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Koroseta | Review


Written by Gabbie De Baron (she/her) @gabizzlesizzle | Social Media Coordinator

How does it feel like to be a twenty-two year old Samoan woman dealing with grief amidst an emotionally complex environment, you ask? Well Koroseta answers. Created by Lealofitaute Vaai, Koroseta is a production at Basement Theatre that absolutely transcends expectations. It explores the emotional journey of its eponymous hero, after the sudden death of a loved one, and how she is ‘forced to face the music within a traditional Pasifika household’. It opens a dialogue to what it means to be a young woman of colour, how we constantly have to perform, to be steady, while our minds never rest. 

The show felt like an inner monologue. The only props on the stage were ‘natural’ ones, chairs made out of wood, a blue lavalava, and a fala, possibly nodding to ‘Tapu’. This is the belief that all life is sacred, which echoes the main theme of the play through grief. The play brilliantly paints a picture of how the audience should imagine the setting, considering the set itself was just plain brown. There would be a voice that would read out notifications on her phone and the ringtone that comes along with it. It blasts through the speakers, and all of this is done with Koroseta only staring at her palm. It felt like we were in her head, reading those messages.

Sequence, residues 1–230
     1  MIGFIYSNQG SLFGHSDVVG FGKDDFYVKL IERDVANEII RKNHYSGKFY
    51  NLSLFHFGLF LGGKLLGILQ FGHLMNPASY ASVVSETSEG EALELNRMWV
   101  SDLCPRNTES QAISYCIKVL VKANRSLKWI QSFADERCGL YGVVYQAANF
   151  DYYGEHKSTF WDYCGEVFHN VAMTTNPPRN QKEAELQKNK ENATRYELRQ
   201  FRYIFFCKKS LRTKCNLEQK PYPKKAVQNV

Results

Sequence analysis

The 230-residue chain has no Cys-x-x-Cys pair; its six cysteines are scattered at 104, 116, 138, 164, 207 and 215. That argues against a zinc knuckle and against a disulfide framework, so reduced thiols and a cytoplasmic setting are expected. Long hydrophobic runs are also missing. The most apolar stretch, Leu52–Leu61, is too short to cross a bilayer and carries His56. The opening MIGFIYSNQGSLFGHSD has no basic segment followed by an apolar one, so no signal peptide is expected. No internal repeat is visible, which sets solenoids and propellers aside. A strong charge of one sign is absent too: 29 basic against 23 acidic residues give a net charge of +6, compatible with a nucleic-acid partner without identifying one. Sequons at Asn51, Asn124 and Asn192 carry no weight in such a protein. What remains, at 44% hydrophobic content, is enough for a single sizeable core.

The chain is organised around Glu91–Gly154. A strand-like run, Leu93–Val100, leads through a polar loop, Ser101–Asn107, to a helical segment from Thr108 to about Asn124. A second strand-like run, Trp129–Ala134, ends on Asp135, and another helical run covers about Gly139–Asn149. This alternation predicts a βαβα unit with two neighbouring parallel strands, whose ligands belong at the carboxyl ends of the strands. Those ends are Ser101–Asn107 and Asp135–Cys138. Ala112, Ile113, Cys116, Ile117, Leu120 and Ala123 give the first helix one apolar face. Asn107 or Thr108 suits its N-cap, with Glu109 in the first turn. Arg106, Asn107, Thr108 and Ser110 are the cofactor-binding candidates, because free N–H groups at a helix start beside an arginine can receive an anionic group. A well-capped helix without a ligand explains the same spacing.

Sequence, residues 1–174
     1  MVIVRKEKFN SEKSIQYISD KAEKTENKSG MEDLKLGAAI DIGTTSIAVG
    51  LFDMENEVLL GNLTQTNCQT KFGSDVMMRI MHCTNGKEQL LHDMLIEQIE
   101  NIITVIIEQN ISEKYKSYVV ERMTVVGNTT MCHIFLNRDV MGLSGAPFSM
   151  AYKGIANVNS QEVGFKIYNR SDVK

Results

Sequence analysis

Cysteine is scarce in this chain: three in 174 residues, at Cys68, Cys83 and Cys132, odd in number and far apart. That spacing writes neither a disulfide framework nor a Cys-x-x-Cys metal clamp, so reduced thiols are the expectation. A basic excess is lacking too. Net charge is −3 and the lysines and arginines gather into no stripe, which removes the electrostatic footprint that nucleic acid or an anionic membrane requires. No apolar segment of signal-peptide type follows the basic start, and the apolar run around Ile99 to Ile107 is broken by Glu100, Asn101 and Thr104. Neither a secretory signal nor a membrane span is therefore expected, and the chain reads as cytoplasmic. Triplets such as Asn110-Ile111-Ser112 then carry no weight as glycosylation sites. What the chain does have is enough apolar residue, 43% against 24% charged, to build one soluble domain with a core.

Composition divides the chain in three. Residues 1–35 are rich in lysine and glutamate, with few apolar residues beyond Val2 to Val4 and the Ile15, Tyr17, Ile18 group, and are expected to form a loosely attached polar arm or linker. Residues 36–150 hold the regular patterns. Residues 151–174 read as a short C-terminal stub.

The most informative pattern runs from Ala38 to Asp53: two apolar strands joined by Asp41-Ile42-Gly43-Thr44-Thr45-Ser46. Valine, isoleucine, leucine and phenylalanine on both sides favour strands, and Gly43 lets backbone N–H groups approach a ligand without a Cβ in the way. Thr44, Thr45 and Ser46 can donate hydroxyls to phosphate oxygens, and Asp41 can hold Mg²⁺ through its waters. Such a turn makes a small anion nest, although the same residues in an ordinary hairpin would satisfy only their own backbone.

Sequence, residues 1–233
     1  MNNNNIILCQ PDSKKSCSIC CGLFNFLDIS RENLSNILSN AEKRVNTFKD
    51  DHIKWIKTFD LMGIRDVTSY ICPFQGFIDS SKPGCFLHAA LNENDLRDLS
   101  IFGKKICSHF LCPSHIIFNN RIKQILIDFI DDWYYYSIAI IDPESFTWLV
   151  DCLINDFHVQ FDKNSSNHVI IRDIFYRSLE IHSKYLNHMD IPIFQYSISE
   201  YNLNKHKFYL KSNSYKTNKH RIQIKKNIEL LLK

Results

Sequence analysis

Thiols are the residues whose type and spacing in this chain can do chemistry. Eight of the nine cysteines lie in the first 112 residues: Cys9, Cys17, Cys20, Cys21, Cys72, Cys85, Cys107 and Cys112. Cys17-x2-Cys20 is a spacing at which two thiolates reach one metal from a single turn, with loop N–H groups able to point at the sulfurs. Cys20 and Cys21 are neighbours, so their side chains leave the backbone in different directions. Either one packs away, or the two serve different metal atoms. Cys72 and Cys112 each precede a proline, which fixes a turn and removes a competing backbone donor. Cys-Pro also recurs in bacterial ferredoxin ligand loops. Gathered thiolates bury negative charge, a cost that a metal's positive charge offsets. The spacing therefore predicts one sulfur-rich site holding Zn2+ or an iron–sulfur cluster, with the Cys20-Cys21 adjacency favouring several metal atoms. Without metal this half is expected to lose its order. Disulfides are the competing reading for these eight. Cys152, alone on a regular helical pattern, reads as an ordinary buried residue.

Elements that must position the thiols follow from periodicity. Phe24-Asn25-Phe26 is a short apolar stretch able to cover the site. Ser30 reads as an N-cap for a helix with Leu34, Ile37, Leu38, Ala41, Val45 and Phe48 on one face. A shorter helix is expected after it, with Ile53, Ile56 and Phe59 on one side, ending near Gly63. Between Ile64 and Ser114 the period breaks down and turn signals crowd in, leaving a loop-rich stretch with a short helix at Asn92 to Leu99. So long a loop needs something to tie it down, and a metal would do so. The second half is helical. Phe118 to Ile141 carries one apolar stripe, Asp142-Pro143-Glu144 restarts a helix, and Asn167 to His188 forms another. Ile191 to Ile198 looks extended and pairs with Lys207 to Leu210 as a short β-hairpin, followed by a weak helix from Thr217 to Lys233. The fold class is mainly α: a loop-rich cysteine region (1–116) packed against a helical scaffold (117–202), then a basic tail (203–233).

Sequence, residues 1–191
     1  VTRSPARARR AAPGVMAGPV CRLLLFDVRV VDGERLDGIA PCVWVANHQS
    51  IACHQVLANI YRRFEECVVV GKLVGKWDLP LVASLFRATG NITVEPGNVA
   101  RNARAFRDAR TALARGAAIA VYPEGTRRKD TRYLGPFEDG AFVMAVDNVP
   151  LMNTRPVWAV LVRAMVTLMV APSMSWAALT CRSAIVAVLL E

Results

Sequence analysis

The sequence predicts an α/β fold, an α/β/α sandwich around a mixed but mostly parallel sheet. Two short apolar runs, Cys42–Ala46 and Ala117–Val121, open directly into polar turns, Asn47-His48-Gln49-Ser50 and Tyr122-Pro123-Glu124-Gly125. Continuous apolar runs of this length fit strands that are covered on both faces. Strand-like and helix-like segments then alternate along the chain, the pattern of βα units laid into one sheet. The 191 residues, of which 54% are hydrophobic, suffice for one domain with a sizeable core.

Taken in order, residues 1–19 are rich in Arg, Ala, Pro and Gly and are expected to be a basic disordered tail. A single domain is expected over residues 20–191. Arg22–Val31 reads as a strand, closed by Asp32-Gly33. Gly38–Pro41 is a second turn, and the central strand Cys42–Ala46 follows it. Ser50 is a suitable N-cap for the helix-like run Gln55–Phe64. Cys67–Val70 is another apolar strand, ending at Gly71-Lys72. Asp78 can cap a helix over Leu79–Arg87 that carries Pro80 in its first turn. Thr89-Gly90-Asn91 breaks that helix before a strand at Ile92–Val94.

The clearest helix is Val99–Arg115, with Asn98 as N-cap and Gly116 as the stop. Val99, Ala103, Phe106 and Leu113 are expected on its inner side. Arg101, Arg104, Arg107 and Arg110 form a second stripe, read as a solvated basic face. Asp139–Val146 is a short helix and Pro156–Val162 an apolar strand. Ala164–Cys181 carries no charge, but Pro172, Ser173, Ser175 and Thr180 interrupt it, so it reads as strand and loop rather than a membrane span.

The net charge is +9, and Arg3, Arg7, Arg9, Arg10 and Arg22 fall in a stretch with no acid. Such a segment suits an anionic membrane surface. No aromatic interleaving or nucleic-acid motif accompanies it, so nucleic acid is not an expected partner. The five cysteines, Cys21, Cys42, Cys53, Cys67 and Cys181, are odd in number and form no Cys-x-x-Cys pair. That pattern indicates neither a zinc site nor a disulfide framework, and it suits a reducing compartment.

There was a recurring motif of a family portrait constantly falling off the wall, which Koroseta is haunted by. Every time it falls she’s forcefully woken up from her sleep, leaving her to face her grief and emotions. It was interesting how all five actors were present on stage all throughout. If they had no lines, they all faced the wall in a line, wearing black. Their backs turned against the audience. This nodded to the idea that Koroseta always restricted herself from her grief because she had these family members  in the back of her mind. 

Adyhana Urika Filifilia plays the titular role phenomenally, with their captivating voice and ability to cry on cue. The emotional depth it takes to show repressed hurt, while carrying a tune maybe something only theatre geniuses can do. The rest of the cast is outstanding and the production was well executed. The play could have been a bit longer, so that we could witness more complex situations of how Koroseta deals with grief. These situations could be a more concentrated conversation with a friend, or her mother, or what she wished she could say to the one who passed. Koroseta is a theatre show that proves less really is more, especially when you let your creativity take the wheel. Having five actors, limited props, well-thought of voiceovers, and a proper quintet, can really make a production worth it.

In the heart of South Auckland, where the echoes of laughter and joy once filled the air, a somber tale unfolds. Koroseta is a theatre show that explores the labyrinthe journey of grief after the sudden death of a loved one. Forced to face the music within a traditional Pasifika household, Koroseta seeks provocations from her ancestral lands to guide her use of poetry and music to reclaim emotional and mental agency in a space that does not welcome it.


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